On Friday 24 September the Museum of Making is holding its official opening ceremony led by the Duke of Devonshire, Patron of Derby Museums, who has been a great supporter of the Museum of Making throughout its development. Derby Silk Mill – widely regarded as the site of the world’s first modern factory – opened as the new Museum of Making in May, and since then has been going from strength to strength.
The museum was developed and completed, thanks to major funding from The National Lottery Heritage Fund (£10,695,000), as well as investment from Arts Council England (£2,739,000) D2N2 Local Enterprise Partnership (£3,700,000). Significant support has also been received from Derby City Council, Rolls-Royce and a range of charitable trusts and foundations.
Word acclaimed artists
The official opening will be marked by a special performance of Chorus by award-winning artist and British composer Ray Lee, across from the Museum of Making on Cathedral Green. The performance consists of a monumental installation of giant kinetic sculptures with movement and music combining to create a hypnotic and harmonious experience for the audience. Chorus will also be available for people to see numerous times over the weekend as part of Festé, Derby’s premiere arts festival, with the first public performance at 8pm on Friday. This year’s programme features a host of world-acclaimed and exciting up and coming UK and international artists who will bring the city centre streets to life, with contemporary and unique music, dance and street theatre performances.
To mark this special occasion the Museum of Making and the Museum and Art Gallery will also both be open late on Friday night for people to enjoy all they have to offer in a relaxed and different atmosphere. Visitors can create their own limited-edition print and enjoy a range of making activities and demonstrations or simply soak up the atmosphere with some drinks in the Museum and Art Gallery.
Tony Butler, Executive Director, Derby Museums said: “Since we opened our doors in May we have been delighted to welcome so many people to this magnificently reimagined and repurposed building that was once the site of the world’s first modern factory. I would like to thank everyone who has made it possible and for those that have supported us to make it happen, including the many visitors who are now coming through the doors and bringing the building and the objects to life.”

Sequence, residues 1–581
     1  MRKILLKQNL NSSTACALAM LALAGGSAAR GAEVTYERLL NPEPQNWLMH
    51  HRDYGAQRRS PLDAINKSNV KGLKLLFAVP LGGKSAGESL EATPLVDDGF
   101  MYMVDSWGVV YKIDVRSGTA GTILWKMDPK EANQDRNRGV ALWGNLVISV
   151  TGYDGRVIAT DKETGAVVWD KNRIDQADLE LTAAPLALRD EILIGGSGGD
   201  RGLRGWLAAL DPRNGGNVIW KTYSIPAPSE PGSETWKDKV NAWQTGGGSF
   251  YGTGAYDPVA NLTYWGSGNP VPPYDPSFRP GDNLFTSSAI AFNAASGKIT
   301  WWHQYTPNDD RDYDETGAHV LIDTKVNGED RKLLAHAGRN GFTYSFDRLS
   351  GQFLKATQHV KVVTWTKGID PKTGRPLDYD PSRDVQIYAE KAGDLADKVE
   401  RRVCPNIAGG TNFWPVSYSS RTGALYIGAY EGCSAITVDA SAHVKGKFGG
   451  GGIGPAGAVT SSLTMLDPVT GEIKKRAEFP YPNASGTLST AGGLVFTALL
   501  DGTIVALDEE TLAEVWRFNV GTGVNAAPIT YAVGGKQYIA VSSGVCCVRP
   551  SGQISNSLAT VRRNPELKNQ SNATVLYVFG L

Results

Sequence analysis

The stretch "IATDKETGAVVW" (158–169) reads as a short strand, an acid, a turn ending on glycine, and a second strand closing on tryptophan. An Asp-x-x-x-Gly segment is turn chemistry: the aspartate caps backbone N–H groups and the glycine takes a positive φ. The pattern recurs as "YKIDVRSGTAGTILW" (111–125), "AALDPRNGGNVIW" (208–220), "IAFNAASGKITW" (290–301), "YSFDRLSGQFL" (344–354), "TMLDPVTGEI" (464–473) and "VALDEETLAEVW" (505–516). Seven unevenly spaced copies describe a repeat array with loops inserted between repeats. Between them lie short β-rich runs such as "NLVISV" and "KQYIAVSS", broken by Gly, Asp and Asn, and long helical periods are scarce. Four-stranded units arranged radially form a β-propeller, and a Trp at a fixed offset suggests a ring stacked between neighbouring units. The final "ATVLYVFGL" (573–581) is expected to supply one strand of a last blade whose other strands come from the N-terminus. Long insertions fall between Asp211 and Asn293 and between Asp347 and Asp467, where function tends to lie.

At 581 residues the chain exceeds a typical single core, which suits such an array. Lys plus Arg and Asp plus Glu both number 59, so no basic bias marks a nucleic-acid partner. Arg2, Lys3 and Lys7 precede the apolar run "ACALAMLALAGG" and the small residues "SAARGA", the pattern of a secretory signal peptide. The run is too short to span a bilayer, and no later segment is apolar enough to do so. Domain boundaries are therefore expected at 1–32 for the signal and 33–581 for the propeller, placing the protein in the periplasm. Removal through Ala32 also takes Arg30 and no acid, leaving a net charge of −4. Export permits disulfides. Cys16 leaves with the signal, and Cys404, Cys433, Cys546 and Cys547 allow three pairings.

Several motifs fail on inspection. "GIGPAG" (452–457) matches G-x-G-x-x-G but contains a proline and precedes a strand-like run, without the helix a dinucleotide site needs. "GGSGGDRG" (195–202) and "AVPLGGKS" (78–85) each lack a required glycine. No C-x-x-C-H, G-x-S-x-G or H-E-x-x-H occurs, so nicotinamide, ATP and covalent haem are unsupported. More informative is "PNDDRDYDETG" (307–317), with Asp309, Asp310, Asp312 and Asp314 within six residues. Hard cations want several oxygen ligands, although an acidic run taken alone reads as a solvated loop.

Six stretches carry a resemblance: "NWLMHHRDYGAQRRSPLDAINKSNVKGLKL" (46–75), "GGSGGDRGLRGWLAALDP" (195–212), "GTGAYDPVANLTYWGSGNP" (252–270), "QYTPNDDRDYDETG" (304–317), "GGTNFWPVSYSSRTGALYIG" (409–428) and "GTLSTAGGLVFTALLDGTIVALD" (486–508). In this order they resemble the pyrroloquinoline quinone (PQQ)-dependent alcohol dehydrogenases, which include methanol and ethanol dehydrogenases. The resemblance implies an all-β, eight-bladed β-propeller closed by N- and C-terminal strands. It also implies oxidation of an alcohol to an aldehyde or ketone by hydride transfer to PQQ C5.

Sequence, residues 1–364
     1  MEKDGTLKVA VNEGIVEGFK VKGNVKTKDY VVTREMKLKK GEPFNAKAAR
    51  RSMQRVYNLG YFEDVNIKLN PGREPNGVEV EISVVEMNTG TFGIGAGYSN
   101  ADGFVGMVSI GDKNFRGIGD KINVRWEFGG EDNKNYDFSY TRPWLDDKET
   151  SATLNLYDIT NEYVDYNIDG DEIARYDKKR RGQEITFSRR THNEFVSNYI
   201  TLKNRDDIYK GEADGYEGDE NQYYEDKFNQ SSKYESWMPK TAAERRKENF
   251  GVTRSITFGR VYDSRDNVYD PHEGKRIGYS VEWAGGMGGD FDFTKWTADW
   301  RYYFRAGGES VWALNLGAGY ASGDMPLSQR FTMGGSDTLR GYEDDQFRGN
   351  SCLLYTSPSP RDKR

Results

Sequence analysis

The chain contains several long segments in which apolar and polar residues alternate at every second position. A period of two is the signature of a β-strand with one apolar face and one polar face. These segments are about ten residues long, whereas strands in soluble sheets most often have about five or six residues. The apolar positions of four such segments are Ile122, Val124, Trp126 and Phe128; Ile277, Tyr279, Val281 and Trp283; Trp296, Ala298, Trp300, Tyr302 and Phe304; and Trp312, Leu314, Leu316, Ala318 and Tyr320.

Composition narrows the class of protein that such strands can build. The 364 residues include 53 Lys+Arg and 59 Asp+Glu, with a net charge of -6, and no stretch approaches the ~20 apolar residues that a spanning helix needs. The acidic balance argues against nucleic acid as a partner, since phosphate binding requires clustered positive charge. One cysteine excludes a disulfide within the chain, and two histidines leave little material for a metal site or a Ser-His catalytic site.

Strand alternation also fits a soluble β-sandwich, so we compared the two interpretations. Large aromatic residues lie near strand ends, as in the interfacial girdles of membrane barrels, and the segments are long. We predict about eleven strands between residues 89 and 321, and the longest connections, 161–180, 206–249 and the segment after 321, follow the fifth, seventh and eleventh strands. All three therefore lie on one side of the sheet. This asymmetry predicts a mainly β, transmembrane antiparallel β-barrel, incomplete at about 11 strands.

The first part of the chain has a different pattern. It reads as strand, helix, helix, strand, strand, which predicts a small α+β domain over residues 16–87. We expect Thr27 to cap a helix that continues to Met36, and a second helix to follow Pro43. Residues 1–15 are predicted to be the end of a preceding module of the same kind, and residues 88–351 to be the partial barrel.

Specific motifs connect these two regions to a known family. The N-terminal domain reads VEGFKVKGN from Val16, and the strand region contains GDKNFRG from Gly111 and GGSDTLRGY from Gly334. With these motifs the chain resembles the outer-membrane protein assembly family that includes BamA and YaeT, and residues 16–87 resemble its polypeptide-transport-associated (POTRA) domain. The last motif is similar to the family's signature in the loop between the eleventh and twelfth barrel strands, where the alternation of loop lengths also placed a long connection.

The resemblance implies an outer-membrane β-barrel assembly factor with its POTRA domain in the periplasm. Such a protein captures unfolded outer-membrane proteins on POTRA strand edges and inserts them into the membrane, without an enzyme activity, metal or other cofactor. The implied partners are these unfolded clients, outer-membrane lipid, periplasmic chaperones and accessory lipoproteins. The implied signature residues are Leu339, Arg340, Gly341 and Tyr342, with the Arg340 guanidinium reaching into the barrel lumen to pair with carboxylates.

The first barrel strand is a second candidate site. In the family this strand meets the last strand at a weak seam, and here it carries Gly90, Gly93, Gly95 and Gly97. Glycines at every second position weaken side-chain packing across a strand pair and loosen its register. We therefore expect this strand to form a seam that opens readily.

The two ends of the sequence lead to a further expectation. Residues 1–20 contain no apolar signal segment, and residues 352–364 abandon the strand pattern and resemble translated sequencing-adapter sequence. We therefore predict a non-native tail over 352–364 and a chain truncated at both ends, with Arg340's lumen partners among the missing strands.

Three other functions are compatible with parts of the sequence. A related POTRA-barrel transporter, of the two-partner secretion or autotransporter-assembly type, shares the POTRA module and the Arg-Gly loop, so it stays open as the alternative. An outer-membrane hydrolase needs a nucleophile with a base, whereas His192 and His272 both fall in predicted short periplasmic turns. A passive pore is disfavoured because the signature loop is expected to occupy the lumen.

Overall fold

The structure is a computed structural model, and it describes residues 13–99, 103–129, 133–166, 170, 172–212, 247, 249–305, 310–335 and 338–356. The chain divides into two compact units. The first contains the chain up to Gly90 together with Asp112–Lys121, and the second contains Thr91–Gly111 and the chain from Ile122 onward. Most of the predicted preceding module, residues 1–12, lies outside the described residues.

“What we are particularly pleased about is that so many visitors have also shared their own stories with us. The content for the museum was shaped by the people and industries of Derby and it is great that we have are continually adding to that from the stories we hear from our visitors.”
“It is also exciting to see so many people using the fantastic facilities we have in our workshop and people getting stuck into making their own creations – from small businesses and professionals to those who just have the making bug and want to have a go. This museum is for everyone and it will continue to evolve over the coming years as it beds in as part of the city, something we want to foster and that is why we are delighted to have a performance from Festé as part of our official opening.”
David Williams, Deputy Chair of the D2N2 LEP said: “We are delighted the Museum of Making is already proving hugely popular with visitors showcasing our region’s 300-year history of making and celebrating our spirit of innovation.”
“We’re pleased to be supporting and investing in the Museum to inspire and support the next generation of ‘makers’ and our collective ambitions to support the regeneration and growth of Derby city centre and our region’s economy.”
300 years of manufacturing history
Since it opened in May the Museum of Making has welcomed over 30,000 visitors through its doors and the Derby Museums team has been delighted by feedback from those who have enjoyed getting a greater understanding of 300 years of manufacturing in the region through the stories of the people and industries of Derby. It has also won some industry awards, recognising the unique building and recent re-design of this world-class new visitor attraction.
However, the Museum is not static and will be adding to its collections and activities over the coming months and years. In fact, even those who visited in the early days may not have seen the amazing Toyota Corolla car that is now suspended above the entrance of the Civic Hall, giving visitors a glimpse into the engineering excellence that goes into such a vehicle, and for which Derby is renowned. As well as this floating, ‘exploded’ view of a new Corolla with components in a position relative to where they would normally be fixed, visitors can also learn about the history of the Burnaston plant where it is manufactured, along with stories from individuals working across the production teams.
As well as telling the stories of Derby’s impressive past, the beating heart of the museum is a new workshop full of specialist equipment and skilled staff who are on hand to support modern makers. This is now fully open as in May it wasn’t able to welcome as many people as planned due to Covid restrictions. Now, those with a passion for making can get creative and use the incredible facilities in the workshop.